The third intention is crucial for distinguishing between cases of “telling” (that is, issuing a meaningful utterance) and “deliberately and openly letting someone know” (where something is communicated, but not by way of a meaningful utterance); it creates a dependency between the first and second intentions.  This dependency is critical, for if the first and second intentions were independent of each other, then cases of “deliberately and openly letting someone know” could qualify as meaningful utterances.  In the following examples, we will show how this is the case.

Consider the following two cases (288).  Case A: I show Tim a photograph of John showing “undue familiarity” with Jane (Tim’s wife).  Case B: I draw a picture of John showing undue familiarity with Jane and show it to Tim.  Case A is a case of deliberately and openly letting someone know, whereas case B is a case of telling.  To see why this is the case, we will need to analyze my intentions in each case.  It is clear in case A that I intend for Tim to acquire the belief that John and Jane are unduly familiar, or else I would not have showed him the picture.  Moreover, I may very well intend for Tim to recognize that I am trying to inculcate that belief.  Note, however, that I do not necessarily intend for him to acquire the belief on the basis of my showing him the photograph, but rather his just seeing the picture.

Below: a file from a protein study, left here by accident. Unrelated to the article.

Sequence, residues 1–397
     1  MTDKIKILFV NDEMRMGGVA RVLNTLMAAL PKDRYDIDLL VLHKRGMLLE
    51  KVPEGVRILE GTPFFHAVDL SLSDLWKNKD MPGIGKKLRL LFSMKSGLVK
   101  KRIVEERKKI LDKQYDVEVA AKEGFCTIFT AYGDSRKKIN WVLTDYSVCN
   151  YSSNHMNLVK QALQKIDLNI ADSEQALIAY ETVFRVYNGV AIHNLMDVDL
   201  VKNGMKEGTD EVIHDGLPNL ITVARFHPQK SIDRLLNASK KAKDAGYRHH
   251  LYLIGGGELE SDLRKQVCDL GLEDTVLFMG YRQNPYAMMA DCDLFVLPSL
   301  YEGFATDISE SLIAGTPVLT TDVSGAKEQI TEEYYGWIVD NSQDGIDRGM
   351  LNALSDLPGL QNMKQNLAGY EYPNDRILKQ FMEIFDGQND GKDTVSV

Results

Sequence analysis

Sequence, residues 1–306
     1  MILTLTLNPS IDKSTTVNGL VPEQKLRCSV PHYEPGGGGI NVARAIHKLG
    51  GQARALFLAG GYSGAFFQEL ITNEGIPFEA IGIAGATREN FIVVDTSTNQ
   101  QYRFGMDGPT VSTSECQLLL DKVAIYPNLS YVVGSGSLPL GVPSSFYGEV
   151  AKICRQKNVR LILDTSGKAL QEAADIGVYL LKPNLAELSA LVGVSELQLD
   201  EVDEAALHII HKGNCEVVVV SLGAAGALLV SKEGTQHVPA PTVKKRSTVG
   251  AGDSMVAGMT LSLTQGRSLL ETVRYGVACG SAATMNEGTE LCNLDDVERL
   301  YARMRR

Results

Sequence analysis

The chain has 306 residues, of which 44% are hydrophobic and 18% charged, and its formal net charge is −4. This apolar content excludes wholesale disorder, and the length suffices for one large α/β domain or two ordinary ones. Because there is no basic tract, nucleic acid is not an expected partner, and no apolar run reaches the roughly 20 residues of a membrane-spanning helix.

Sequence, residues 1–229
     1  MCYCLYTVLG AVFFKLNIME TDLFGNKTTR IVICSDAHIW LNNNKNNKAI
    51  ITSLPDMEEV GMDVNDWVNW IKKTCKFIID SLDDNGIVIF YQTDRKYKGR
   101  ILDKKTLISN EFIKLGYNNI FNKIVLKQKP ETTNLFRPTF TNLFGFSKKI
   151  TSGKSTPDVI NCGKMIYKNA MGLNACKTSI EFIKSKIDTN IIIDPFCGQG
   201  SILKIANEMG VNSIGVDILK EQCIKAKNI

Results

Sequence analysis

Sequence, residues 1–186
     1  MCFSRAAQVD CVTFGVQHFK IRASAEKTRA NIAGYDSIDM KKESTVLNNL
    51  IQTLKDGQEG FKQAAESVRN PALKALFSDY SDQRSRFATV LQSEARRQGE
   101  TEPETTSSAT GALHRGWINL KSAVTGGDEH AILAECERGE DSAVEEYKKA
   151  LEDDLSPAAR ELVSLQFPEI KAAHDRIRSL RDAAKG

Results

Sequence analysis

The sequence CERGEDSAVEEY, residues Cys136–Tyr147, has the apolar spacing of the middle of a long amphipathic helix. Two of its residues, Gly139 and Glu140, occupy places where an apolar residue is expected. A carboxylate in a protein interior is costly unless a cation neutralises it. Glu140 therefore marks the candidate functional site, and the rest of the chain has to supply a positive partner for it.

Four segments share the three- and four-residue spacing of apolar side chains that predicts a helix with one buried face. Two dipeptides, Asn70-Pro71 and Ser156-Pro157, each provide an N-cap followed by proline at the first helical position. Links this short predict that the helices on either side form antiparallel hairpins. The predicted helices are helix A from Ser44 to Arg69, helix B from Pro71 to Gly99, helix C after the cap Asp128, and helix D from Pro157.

In case B, I intend for Tim to acquire the belief that John and Jane are unduly familiar, or else I would not have drawn the picture.  It is reasonable that I also intend for Tim to recognize that I am trying to inculcate that belief.  So far, this is consistent with case A.  Here is the crucial difference between the two cases.  In case B, I intend for Tim to acquire that belief on the basis of my drawing the picture; this does not happen in case A.  In case A, I do not intend for Tim to acquire the belief on the basis of my presenting to him the photograph – or, at least, the act of my presenting him the photograph is irrelevant to his acquisition of the belief (288).  For if I had merely left the photograph where Tim would find it, instead of actually showing it to him, Tim would still have acquired the belief.  In this way, my act of presenting the photograph is immaterial to the case.  Thus, I have not told Tim anything, but rather openly let him know something.  But in case B, when I draw the picture for Tim, he sees that I am actually trying to inform him of something – that is, tell him.  It is through my act of drawing that Tim is supposed to believe that John and Jane are unduly familiar (satisfying the necessary third intention for a meaningful utterance).  In case A, regardless of whether I present the photograph or Tim stumbles across it, Tim will come to believe that John and Jane are unduly familiar – his reaction is the same, it seems like they mean the same thing.  But in case B, whether I draw the picture or Tim stumbles across it affects Tim’s response.  If I draw it, then he takes me to be informing him about John and Jane.  If he stumbles across it, he might mistake it for some uninformative bit of artwork (288) – and the drawing would not seem meaningful.  In this way, we see the importance of the third intention, that the audience recognize the intention to produce an effect by way of the actual utterance.  In case A, this was not so; in case B, it was.